REBUILD NEW YORK-NEW JERSEY:
Military-Scale Mobe Needed;
Obama Offers Haiti Model
by Marcia Merry Baker
Nov. 9 (EIRNS)—The Greater New York-New Jersey region will never be rebuilt as long as the evil Troika of President Obama, Governor Christie, and Mayor Bloomberg are in charge. Each day of the post-Superstorm suffering in the Northeast, shows that the actual damage is caused by tolerating the continuation of that imperial Troika, and the lack of a commitment to revive the sinking U.S. economy.
Most outrageous is their refusal to deploy full-strength military aid to the region. What's there is superb—7,200 National Guard, 500 Army Corps of Engineers staff, and other services—but it's far from enough, and not activated for a top-down mission to minimize immediate suffering, and to set the stage for full-scale rebuilding. The absence of this is manifest across all aspects of means of existence—inadequate gasoline supplies, electricity provision, sanitation, shelter, food provision, etc.
First, look at the housing debacle. As of Nov. 8, there are at least 15,000 units of public housing in the Rockaways, Coney Island, and Red Hook, with no heat, electricity, or hot water, according to Steven Banks of the Legal Aid Society. "We're into the second week of this, and there is no real urgency to get it fixed.... No can-do New York attitude here," he told the New York Times.
The Times reported Nov. 9:
"Mr. Bloomberg said Thursday that 70 percent of these [public housing] buildings now have heat and hot water and 82 percent have electricity. But that leaves 120 buildings and the people who live in them without heat or hot water and 72 buildings and their residents without electricity.
"Whatever the precise numbers, by any accounting, life for these people is grim. On Wednesday afternoon, in the Far Rockaways, hundreds lined up for as much as three hours in the cold to get hot food promised by a makeshift delegation of volunteers. The multiple government agencies promising help were nowhere to be seen."
An individual complex, such as Red Hook Houses, has over 3,000 persons now consigned to Hell.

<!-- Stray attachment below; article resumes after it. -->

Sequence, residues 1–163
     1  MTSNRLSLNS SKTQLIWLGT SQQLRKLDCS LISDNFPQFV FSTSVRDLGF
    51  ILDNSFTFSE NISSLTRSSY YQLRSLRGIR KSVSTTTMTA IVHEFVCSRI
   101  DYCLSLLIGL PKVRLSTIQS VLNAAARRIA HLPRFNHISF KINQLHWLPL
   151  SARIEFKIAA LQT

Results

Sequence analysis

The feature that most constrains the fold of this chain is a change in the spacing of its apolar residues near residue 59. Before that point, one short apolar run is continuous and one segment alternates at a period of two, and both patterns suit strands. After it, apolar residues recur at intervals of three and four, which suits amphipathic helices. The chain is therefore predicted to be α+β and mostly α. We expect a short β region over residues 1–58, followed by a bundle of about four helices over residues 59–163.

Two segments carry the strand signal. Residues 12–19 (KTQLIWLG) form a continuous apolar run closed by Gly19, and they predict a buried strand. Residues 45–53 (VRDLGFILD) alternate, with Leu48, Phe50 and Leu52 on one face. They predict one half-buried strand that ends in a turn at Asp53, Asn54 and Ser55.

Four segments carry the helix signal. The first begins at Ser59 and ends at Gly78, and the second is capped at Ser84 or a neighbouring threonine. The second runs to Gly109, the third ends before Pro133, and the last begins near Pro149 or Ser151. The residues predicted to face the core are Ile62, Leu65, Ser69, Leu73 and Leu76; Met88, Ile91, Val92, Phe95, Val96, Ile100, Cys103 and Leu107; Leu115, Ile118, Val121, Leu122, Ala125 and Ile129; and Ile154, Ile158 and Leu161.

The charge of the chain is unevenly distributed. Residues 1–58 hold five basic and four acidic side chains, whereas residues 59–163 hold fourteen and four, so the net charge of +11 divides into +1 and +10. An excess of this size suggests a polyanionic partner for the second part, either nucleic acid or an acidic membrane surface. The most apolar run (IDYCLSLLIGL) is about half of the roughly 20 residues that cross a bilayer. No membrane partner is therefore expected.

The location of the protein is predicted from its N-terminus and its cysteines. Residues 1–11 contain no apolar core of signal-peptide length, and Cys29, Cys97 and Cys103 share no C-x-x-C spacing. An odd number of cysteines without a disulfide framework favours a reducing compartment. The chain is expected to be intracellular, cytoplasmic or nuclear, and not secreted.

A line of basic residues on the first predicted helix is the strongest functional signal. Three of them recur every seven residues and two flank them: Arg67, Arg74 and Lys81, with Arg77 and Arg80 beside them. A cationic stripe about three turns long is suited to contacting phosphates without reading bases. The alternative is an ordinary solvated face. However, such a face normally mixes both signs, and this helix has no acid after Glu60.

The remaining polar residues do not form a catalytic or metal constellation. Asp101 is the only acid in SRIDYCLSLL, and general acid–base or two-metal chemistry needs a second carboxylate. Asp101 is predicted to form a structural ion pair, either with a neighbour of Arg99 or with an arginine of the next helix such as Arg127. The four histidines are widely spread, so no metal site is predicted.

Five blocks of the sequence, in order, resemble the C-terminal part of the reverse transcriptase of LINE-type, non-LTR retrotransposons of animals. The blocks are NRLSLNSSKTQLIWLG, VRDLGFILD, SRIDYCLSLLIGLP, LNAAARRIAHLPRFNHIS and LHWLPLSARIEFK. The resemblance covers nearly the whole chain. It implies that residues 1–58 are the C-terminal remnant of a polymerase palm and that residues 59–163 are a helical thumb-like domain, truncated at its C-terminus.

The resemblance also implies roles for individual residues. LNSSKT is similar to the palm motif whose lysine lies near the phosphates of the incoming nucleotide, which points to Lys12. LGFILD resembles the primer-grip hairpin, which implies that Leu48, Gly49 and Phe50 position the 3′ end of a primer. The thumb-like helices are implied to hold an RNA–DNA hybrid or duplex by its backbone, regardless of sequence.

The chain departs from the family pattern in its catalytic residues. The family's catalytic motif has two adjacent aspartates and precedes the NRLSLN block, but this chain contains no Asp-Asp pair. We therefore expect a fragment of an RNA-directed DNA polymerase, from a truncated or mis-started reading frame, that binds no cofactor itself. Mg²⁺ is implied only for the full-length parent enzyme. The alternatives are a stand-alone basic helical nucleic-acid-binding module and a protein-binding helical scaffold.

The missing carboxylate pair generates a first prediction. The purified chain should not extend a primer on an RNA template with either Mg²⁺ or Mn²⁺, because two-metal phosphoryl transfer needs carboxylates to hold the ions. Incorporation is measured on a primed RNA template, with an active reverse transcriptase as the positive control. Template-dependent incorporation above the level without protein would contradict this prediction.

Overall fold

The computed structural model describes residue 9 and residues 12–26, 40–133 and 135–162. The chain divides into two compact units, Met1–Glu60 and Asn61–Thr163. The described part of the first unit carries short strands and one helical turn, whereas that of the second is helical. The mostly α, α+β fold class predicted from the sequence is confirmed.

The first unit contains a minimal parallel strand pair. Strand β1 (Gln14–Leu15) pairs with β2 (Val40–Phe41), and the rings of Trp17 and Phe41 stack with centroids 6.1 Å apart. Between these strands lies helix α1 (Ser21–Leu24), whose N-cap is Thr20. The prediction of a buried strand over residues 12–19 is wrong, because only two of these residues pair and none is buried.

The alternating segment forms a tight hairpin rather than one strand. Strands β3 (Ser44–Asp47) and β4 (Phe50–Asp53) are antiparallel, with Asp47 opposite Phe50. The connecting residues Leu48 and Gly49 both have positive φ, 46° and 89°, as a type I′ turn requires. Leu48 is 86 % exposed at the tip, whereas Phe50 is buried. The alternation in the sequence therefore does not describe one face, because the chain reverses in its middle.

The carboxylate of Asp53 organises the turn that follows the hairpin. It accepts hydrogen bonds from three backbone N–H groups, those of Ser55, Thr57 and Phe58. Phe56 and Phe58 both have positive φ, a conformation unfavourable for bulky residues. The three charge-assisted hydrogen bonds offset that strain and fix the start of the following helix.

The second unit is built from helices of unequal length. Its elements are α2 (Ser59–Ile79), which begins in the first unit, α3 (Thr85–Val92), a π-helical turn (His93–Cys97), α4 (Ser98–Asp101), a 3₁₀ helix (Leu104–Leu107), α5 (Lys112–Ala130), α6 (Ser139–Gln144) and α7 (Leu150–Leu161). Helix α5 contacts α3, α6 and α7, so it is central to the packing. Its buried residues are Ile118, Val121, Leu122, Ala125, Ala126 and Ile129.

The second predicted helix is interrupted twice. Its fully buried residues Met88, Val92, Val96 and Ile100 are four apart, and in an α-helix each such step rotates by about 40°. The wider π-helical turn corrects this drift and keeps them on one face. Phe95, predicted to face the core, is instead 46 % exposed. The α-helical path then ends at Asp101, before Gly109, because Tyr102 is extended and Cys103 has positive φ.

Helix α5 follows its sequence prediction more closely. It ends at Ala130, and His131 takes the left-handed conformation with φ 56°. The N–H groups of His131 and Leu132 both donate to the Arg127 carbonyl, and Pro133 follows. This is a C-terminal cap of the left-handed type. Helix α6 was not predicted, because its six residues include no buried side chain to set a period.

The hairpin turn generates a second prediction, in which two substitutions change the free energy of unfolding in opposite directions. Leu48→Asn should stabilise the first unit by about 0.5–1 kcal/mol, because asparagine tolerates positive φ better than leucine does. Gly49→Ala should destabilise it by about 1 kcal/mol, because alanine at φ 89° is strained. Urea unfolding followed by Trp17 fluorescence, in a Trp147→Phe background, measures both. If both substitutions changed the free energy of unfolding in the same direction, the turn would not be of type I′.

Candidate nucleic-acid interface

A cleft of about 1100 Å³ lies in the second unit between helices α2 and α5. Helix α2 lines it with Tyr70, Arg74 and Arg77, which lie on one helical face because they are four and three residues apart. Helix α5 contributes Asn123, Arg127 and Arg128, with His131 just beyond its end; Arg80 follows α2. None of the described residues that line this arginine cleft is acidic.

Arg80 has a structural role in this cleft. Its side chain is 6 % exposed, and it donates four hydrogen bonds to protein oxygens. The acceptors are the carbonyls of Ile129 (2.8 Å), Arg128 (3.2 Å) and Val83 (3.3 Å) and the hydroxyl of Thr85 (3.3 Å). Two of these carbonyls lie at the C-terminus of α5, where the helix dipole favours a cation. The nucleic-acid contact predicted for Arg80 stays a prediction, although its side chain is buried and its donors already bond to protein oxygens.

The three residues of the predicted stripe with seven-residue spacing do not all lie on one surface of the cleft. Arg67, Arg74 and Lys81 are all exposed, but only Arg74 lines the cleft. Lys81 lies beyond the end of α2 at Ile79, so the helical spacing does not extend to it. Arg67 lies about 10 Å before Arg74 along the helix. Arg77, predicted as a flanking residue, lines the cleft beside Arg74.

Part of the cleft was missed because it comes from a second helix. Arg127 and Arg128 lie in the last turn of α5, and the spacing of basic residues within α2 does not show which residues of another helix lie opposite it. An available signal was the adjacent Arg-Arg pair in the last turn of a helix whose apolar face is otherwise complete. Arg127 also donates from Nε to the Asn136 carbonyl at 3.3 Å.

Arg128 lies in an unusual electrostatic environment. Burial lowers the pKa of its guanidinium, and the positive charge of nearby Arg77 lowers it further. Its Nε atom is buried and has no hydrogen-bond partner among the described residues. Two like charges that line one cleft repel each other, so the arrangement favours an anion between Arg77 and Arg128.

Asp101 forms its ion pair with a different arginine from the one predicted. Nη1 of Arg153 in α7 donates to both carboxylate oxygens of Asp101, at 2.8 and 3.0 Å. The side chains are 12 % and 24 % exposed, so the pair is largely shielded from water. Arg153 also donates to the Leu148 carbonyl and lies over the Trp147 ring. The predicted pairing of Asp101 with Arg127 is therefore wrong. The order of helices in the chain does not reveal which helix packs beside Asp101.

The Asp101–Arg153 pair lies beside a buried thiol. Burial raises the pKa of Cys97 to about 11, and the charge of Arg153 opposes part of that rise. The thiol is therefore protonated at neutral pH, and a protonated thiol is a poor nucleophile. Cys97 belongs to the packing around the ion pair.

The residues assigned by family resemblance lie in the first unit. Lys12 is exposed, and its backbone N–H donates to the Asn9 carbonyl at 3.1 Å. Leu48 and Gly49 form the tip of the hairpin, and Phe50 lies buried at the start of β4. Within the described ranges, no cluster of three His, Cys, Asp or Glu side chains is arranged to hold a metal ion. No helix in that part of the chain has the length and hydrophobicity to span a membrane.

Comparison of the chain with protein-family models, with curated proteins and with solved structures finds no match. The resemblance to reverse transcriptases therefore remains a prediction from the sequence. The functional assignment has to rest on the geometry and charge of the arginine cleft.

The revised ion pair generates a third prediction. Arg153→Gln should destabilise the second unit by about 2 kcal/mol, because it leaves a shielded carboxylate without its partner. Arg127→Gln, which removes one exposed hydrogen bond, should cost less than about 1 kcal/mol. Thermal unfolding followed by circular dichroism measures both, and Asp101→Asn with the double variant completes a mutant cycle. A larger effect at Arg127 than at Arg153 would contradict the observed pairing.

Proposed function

Housing Is a Disaster
What was required right from the start, was, in principle, the same as what should have happened in Port-au-Prince, Haiti, right after the 2010 earthquake:
make a rapid assay of numbers and locations of displaced persons, then
get them to safety, en masse. In New York-New Jersey, this means setting up camps—in the style of mobile military basing, or in the Catskills resort areas (mess hall cafeterias, private quarters, etc.) where needed.
The new Barclays sports center, for example, has the space and utilities to accommodate thousands new left to suffer in the Rockaways. Otherwise, identify buildings for dormitory use, and take a county-by-county inventory of vacant rental space.
For Haiti, building camps on high ground was turned down flat by the White House. Now for New York-New Jersey, the same "get lost" policy reaction is underway, with only a sham of dealing with housing. The disaster response on housing, is itself a disaster.
The assay stage would have involved simply doing a rough-and-ready head count of those in unfit dwellings—whether multi-family, or single unit. For example, the two most glaring categories of such dependent people, known within the first 24 hours of the storm, are those in the shoreline public housing complexes run by the New York City Housing Authority (there are a total of 400,000 New York residents in public housing); and secondly, those in the coastal communities, especially the barrier islands (Rockaway, Queens, and all along the Jersey Shore), whether in individual houses, or apartment buildings, all now uninhabitable. Those in the coastal communities tend to have more means, but not for long. Many are still in the New Jersey shelters, which had about 5,000 persons mid-week.
Instead, it's fend-for-yourself. About 317,000 people throughout the multi-state region have registered for financial aid with FEMA, since the storm. According to Associated Press, more than 101,000 people have been deemed eligible for temporary housing programs. A subset of 56,000 have been deemed eligible for FEMA's program to receive grants for renting new housing, or for repairs to existing homes. The maximum rental grant is for 13 months. Then what? Some Long Island displaced residents have had to go 150 miles north, as far away as Albany.
This week FEMA started bringing in trailers from its out-of-state centers. Its total stockpile is only in the "hundreds." FEMA director Craig Fugate said Nov. 9 that the mobile homes will go to New York and New Jersey towns. "We're working on which sites they are going to go to."
But for dozens of thousands of people, the question is: Where do I go? What will happen to me? All this adds up to one clear message—the order from the top is: the Haiti treatment.
Aged Utilities Fractured by Storms;
As the millions of residents in New York, New Jersey, and other Northeast states began to assess the profound losses from Superstorm Sandy, they were hit with Storm Shock II, Nor'easter Athena Nov. 7. Shock III is realizing that Obama, Christie, and Bloomberg's message to them is: "Drop dead."